News: Stop motion DPW, ESD working to ease BRAC growing pains
Story by Spc. Cody Thompson
FORT BRAGG, N.C. – The Directorate of Public Works and Fire and Emergency Services Division are preparing for an influx of more than 40,000 soldiers, families and civilians by 2011. This influx is due to the U.S. Army Forces Command and U.S. Army Reserve Command’s transition from McPherson, Ga., to Fort Bragg, N.C., due to the Defense Base Closure and Realignment Commission closing 20 military bases worldwide.
The DPW is continually evaluating how much money is needed to meet Fort Bragg’s needs, said Daryl Butler, a civil engineer with DPW.
“A transportation improvement study is being conducted, assessing where we need to focus our funding to improve roads, intersections and parking,” added the Hope Mills, N.C., native.
This is the fourth transportation improvement study conducted since 2007, and is helping DPW find locations to expand on Fort Bragg.
“We know there are growing pains,” said Butler. “Traffic backups create delays getting on and off post. We’re looking at ways to streamline, like changing signal timing, getting more funding, building new construction and widening the roads.”
Auch believes these delays can create more than a hassle for commuters, but for emergency services, such delays can mean the difference between life and death.
Increased traffic is a major issue effecting first responder, but if people avoid stopping in intersections and pull to the left and yield to emergency vehicles, the DES can provide service to the Fort Bragg community more efficiently, said Auch.
Yielding to emergency vehicles will also assist the provost marshals office as they begin to utilize updated equipment to help combat crime.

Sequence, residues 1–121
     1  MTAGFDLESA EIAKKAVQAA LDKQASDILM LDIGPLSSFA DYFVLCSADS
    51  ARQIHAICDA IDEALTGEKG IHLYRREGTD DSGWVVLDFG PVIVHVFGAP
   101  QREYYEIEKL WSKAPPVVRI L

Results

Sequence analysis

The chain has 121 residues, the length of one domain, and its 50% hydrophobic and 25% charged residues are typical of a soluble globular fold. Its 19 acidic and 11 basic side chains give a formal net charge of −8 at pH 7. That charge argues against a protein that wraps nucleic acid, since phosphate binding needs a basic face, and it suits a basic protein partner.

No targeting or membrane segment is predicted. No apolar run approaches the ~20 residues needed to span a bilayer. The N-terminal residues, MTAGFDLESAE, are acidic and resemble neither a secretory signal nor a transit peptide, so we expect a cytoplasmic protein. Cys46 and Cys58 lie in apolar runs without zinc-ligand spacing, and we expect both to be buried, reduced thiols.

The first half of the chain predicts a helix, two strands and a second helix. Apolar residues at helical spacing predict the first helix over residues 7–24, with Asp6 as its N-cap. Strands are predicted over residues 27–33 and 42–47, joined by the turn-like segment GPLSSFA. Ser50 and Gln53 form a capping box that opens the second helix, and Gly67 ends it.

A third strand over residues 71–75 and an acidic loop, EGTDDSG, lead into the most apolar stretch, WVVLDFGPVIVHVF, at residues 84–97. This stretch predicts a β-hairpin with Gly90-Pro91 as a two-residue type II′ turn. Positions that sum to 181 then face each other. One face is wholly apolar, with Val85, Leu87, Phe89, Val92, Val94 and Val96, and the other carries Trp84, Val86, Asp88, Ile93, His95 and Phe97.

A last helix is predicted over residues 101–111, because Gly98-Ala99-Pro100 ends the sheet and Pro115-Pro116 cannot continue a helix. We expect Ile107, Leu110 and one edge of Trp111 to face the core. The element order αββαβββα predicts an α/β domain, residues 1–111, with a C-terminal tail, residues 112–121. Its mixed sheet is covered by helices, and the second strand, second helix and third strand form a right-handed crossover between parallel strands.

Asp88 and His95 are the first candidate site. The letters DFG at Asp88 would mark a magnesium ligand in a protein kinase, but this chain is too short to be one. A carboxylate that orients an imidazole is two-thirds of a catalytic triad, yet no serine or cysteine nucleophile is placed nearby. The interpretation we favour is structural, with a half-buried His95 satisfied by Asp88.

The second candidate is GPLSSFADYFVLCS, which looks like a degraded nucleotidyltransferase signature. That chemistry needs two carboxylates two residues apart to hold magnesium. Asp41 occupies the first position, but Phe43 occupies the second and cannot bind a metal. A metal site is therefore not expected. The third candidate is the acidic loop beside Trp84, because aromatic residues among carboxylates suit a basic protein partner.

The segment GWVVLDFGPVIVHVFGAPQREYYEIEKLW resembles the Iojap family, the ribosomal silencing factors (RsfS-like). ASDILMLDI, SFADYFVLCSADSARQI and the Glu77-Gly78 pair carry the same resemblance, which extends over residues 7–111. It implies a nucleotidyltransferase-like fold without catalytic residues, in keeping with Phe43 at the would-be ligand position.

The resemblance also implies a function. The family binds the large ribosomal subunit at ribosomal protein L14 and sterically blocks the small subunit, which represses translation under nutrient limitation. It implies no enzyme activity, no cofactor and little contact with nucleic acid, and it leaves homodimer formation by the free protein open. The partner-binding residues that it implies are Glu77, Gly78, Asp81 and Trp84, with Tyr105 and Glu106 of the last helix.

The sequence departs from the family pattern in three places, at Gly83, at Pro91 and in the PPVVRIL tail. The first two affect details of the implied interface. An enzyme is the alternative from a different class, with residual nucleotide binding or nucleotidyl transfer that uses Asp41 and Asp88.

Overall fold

“The PMO has increased the number of military police,” said Daniel Bjorklund, the chief of operations for the PMO. “Law enforcement is also in the process of updating the technology package in each patrol vehicle.”
Technology packages include radios, lights, sirens, public address systems, control modules, radar, cameras and mobile data terminals.
A mobile data terminal is a computer designed to connect to the division of criminal information. This allows the military police to query vehicles and driver’s information from the department of motor vehicles for identification.
“It provides a link to all national law enforcement agencies to share information, such as warrants and stolen vehicles,” said Bjorklund.
Despite the problems that increased traffic could pose, the DES is dedicated to ensuring public safety.
“The Provost Marshal’s Office division of DES is committed to making the law enforcement transition during BRAC as seamless as possible to ensure the best quality of service for our community,” said Bjorklund.